Thats exactly what i was trying to say with "current can flow always in one direction". It seems that it wasn't well expressed.ElectricGod wrote: ↑Mar 21, 2018 2:18 pmIE: C- mosfets have their diodes reverse biased when charging from C-. From P-, current flow into the BMS if the mosfets are off is always possible since the back diodes are forward biased. However current flow out of the BMS if the mosfets are off is stopped since the back diodes are reverse biased. Effectively what this means is from P- you can't stop charging current only discharging current flow.
The C- FET's cannot switch off a load (or doing low voltage cut off), and the P- FET's cannot disconnect a charger (or doing high voltage cut off).
If the current is flowing through the body diode there will be a larger voltage drop (around 1V instead of the usual few mV), but current continuous to flow if it gets turned off (or with 0V on the Gate).
Glad to hear that there was no fire^^So then, lets talk about drastically BAD cell voltages for a minute. I'm sure NOT perfect and sometimes I do stupid stuff and kick myself really hard for it. This was at 12S and 48 volts. I was a noob to EV's. I had built 4 12S LIPO packs and was using a crappy charger that topped out at 52 volts. That's 2 volts over 4.2 per cell or 50.4 volts. This was not ideal for my LIPO packs and I had to watch that the voltage at the EV never went above 50.4 volts...or at least not by much. Charging over night was out of the question as all of the current from the charger would get spent in lots of balance circuits among 4 BMS in parallel. Fortunately the charger was capable of 2 amps so this wasn't a huge concern if I was watching the charge process periodically. I had purchased 3 BMS and they were in active use, but my 4th pack was waiting for it's BMS to arrive. It was common that I would plug in the charger into the EV and a couple of cell monitors into the unprotected pack. When the loud beeping started, it was time to pull the unprotected pack and finish charging via my RC charger. For whatever dumb reason, I flat forgot to do this. As you can imagine, that 12S pack was sitting at 52 volts or 4.33 volts per cell when I realized my mistake. I was thinking to myself why wasn't I hearing the cell monitors? I immediately realized it was becasue I had never plugged them in. I ran to the scooter and sure enough, every cell in that pack was at 4.3 volts and the pack was quite hot. I pulled it from the scooter, left it in the middle of the floor in my garage and let it cool down. All the cells now showed 4.4 volts!!! I then attached a load and pulled them back down to 4.1 volts per cell. That pack did suffer some loss of capacity, but no cell exploded or even puffed up. 2 weeks later it had it's own BMS. The other 3 12S packs that had BMS's were just fine. The cells despite the charger producing too much voltage were all sitting at 4.2 volts and soon were back down to 4.1 volts thanks to the BMS's.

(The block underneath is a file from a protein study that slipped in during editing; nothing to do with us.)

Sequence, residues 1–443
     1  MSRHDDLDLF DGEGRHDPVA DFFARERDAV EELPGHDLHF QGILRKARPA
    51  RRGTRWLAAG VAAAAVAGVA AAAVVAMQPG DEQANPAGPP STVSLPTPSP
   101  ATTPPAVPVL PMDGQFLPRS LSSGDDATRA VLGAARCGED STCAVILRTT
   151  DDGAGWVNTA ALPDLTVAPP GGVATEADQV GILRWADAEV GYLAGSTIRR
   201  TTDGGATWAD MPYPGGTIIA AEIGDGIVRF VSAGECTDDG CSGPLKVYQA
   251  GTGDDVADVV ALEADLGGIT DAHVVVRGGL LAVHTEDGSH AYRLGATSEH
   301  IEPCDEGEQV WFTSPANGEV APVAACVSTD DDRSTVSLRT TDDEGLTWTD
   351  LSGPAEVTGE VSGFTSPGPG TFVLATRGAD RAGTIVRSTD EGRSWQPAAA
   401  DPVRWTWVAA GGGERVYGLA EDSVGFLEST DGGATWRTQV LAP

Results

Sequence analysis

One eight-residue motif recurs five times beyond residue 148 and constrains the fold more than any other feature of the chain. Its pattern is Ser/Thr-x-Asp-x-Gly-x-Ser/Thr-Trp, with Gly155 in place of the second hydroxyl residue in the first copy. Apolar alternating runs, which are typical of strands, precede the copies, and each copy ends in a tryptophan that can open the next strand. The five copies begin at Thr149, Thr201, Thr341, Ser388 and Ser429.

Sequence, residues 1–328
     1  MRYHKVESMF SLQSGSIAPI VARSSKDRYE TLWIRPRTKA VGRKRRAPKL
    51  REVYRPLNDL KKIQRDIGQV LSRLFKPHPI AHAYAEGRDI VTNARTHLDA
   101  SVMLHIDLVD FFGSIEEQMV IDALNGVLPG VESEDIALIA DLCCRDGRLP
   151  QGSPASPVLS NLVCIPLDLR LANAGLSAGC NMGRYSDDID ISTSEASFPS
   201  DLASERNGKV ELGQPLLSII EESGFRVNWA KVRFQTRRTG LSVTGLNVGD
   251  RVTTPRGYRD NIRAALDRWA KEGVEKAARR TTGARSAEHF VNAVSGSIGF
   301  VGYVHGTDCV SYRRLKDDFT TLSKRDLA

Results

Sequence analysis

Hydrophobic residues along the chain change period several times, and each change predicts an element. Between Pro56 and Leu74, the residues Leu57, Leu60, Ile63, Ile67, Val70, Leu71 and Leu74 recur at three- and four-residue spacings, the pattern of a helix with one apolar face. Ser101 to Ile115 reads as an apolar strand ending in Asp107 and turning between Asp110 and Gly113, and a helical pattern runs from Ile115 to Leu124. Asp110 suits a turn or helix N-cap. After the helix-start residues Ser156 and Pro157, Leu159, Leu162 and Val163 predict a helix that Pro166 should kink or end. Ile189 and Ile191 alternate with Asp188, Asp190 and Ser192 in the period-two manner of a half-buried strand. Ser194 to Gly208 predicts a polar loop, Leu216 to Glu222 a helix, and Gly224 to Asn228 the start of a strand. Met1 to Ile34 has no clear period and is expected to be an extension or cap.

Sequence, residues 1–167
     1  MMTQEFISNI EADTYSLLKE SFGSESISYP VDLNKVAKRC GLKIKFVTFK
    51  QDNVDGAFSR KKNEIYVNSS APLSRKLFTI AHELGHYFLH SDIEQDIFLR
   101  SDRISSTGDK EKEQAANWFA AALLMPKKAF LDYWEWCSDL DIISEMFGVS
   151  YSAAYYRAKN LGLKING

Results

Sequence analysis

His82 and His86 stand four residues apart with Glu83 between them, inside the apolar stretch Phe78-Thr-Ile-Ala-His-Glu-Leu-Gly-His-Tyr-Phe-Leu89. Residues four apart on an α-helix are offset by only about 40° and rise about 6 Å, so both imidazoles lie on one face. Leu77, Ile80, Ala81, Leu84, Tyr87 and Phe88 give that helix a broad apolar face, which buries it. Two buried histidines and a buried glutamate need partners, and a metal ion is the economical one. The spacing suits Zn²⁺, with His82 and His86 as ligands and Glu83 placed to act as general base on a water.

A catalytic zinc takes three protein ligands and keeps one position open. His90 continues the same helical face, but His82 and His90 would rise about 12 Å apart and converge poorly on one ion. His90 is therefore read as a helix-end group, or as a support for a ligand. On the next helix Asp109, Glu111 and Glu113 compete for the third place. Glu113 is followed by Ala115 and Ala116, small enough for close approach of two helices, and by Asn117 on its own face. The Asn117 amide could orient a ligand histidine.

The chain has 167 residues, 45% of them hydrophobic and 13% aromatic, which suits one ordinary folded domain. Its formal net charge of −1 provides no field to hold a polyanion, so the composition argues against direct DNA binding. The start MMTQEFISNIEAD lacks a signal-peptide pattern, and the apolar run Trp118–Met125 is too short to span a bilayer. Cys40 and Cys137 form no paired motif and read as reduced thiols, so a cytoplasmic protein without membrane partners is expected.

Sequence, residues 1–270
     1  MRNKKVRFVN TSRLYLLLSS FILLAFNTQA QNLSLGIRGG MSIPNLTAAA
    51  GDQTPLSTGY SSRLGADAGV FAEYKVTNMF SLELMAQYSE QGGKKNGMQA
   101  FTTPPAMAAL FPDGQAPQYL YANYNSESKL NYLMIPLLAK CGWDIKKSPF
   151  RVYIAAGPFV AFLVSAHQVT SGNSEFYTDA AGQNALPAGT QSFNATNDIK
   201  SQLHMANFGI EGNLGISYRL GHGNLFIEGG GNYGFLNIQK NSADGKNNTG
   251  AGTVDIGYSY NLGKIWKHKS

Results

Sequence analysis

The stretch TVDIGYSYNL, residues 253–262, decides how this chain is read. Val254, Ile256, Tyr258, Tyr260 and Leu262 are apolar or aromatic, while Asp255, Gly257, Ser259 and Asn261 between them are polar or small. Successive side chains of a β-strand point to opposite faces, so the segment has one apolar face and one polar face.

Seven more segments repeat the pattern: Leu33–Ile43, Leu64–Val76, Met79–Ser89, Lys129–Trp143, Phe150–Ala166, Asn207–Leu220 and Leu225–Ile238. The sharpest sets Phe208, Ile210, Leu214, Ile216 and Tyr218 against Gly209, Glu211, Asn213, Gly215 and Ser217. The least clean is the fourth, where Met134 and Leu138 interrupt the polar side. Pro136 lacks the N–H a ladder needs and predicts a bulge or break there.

I am absolutely with you that it needs very bad cell voltage differences to overcharge one group significant so that there will be a fire.
But think what happens if somebody has one 10s charger and one 13s charger with same charging plug and they get confused.
It would charge to >5,4V per cell and booooom bang fire, because the BMS cannot turn it off.